the photographic memories of ian bruce huntley on his recently launched book keeping times further emphasis of the importance of memory produces a perfect parallel and suitably vindicates the case of aryan kaganof.
as sometimes painful as the circumstances may be, memory heals. at times hidden, memory builds. controversial at points , it leads to healthy debates.whatever the case
memory is GOOD
December 17, 2013
December 13, 2013
first published here: https://www.facebook.com/seancmichael/posts/335015993307622
November 15, 2013
first published here: http://www.artlink.co.za/news_article.htm?contentID=34323
November 13, 2013
November 1, 2013
keep reading this article here: http://thenewage.co.za/46256-1022-53-Perspective_of_the_Man_On_Ground
October 31, 2013
October 24, 2013
I enjoyed it – but, Oh, what a huge burden of questions! And like Khalo I have no answers, at least not in the framework of langauages and references he employees.
I do think a Marxist-Leninist inspired analysis may make some headway (history and people on its stage are not static, they change; class conflict and the changing balance of forces determines what happens, not individuals however “great”; Mandela is human and like all of us subject to historical circumstances; and, dialectically : he was “great” (and unpack that) and thus achieved; if he had chosen/acted otherwise he might not have been “great” and may not have achieved; what he achieved/contributed was possible because of what he accepted he could not achieve/attempt.
On this last point, had he lived up to Khalo’s imagination of him (striding into a township as an armed commander at the head of an army) he’d have been mown down by the apartheid forces and become a footnote in a racial saga of a civil war – so frankly, tough shit for Khalo’s dream, and thank goodness for reality as it unfolded.
Final comment – I am left with a nagging feeling that Khalo’s “Letter” doesn’t so much document the enigma and present the questions, as much as it manufactures them – but this may be becasue I have only the trailer to go by. Of course it is not alone in this (the media as a whole in its breadth and diversity seems pre-occupied with the creation of Mandela fables to entertain and confuse us). A truly great film about Mandela will explain the complexity not deepen it.
But them I’m too into fact and short on dreams and imaginings . . .
Journey To The Self: an intimate portrait of jaspar lepak is helgé janssen’s astonishing portrait of a singer-songwriter whose life provides an apt metonym for our times. Her exquisitely beautiful voice plangently declares that “all of this violence we witness to women is the shame that we carry for bearing the fruit”, situating misogyny in the crucible of judeo-christian theosophy. Lepak talks about “the sense of loss of growing up in a religion where the pronoun is masculine” and humbly states, “this world wasn’t made for such sensitive things” (as women). “I’m tired of violence being entertainment” she is not ashamed to declare and watching this labour of love that is indeed intimately filmed by janssen, on the same day, as i did, as i watched the ghastly new isaac mutant video, kak stirvy (dookoom), i couldn’t help thinking how utterly lost this country is.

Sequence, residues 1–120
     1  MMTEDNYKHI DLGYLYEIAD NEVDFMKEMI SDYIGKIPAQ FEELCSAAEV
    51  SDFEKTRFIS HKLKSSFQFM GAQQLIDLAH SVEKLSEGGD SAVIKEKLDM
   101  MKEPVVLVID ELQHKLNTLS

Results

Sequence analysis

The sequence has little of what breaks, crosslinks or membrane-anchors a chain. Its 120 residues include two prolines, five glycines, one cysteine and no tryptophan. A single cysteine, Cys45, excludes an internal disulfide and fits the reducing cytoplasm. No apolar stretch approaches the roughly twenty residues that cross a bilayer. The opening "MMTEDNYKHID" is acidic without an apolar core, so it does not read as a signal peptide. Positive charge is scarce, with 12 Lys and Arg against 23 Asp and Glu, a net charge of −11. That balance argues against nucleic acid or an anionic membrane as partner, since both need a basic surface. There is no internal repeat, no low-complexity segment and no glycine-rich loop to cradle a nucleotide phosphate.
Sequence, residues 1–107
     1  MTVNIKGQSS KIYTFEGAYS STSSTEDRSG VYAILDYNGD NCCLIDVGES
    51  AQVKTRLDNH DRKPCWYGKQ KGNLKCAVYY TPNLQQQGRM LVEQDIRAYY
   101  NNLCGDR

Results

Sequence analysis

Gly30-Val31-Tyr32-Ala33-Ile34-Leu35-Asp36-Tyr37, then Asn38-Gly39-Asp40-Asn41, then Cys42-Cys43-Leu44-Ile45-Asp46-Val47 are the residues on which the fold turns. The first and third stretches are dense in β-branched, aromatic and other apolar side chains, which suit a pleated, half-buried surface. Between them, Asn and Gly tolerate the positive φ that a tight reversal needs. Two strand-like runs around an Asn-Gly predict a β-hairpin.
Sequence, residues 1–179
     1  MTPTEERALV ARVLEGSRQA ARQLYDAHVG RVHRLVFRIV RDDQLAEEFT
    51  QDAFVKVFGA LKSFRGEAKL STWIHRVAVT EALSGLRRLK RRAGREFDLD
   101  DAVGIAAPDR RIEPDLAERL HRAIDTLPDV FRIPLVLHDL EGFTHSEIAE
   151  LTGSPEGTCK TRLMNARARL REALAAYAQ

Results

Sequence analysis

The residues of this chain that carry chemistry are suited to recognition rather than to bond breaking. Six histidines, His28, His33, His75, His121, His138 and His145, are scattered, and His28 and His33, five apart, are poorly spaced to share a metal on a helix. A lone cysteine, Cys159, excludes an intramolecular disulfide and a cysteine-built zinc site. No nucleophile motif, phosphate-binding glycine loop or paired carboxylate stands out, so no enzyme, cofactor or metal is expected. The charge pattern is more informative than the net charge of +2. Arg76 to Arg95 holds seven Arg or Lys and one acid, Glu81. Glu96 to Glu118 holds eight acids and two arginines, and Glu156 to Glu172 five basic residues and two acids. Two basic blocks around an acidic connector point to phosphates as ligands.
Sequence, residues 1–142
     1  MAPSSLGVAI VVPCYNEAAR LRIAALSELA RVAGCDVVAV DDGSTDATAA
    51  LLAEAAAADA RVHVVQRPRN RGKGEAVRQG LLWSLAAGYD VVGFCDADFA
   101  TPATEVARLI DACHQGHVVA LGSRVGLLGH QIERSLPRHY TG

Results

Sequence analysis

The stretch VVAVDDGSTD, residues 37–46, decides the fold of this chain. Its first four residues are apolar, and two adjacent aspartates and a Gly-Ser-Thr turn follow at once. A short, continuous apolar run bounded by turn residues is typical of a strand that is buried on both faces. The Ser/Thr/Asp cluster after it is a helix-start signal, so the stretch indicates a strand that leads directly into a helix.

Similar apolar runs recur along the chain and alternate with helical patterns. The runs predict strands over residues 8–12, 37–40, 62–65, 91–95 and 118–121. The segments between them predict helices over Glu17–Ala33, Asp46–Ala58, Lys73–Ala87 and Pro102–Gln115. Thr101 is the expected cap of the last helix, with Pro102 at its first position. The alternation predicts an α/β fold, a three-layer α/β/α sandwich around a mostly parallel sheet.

Lepak’s world is a realm outside of the machinations of the marketplace; “i’m still trying to figure out how to be in the world”. Unfortunately the world as it is is not a place any sensitive person would choose to be in/ But we don’t have a choice do we? Janssen made a choice the moment he heard Lepak’s voice at a live concert, he chose to follow her rigorously, filming gigs, recording sessions, soundchecks and, most presciently, a series of intimate conversations with the singer that make you feel like you’re sitting next to her and she’s talking to you for the first time about subjects that are of grave import to her, that are necessary. How she overcame her shyness, “the voice really got stuck inside”, and found her singing voice is a section of the film that will grab you by the throat and have you swallowing back tears and the descriptions of her fight to battle an eating disorder cannot but bring to mind the tragedy of karen carpenter and her battle against anorexia nervosa. “Hunger is a voice that needs to be listened to.” Indeed.
Journey to the self is a film that needs to be seen.
contact Helgé Janssen for your copy : firstname.lastname@example.org
October 21, 2013
first published here: http://www.filmcontact.com/africa/south-africa/good-report-receives-critical-acclaim-lff